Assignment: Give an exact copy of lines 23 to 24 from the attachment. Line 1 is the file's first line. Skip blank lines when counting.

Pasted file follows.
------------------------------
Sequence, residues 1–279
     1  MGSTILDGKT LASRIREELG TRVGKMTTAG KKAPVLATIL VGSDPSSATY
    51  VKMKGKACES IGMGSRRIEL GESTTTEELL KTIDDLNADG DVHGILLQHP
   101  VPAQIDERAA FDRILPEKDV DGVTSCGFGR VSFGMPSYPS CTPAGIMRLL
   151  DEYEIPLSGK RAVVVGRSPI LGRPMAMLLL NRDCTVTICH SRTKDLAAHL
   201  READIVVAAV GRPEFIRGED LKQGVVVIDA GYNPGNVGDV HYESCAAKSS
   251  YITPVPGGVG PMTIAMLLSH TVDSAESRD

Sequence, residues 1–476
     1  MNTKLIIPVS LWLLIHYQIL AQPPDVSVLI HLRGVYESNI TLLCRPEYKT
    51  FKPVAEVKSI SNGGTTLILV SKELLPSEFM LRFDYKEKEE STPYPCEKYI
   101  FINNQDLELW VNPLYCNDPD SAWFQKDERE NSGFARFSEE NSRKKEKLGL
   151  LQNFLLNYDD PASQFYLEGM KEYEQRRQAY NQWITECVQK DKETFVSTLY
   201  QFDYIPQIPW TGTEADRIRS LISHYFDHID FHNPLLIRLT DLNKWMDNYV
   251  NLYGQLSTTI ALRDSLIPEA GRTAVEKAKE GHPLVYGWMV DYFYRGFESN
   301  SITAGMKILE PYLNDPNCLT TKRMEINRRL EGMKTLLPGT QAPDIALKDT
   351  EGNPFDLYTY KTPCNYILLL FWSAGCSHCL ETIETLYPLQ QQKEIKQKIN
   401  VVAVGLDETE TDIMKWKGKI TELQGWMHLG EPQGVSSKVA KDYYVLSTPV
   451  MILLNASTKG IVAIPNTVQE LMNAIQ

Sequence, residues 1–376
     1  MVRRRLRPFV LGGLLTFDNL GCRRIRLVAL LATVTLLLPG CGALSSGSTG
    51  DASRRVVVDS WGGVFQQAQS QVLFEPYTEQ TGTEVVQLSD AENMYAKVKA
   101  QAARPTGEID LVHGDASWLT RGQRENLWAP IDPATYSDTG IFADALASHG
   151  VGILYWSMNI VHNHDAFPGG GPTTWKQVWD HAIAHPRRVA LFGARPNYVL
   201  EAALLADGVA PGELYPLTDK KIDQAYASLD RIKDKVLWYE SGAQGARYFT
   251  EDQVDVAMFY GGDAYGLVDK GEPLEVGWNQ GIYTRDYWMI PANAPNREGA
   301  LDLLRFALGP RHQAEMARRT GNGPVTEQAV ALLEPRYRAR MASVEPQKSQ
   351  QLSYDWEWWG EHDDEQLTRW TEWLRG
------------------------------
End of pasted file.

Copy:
   151  VGILYWSMNI VHNHDAFPGG GPTTWKQVWD HAIAHPRRVA LFGARPNYVL
   201  EAALLADGVA PGELYPLTDK KIDQAYASLD RIKDKVLWYE SGAQGARYFT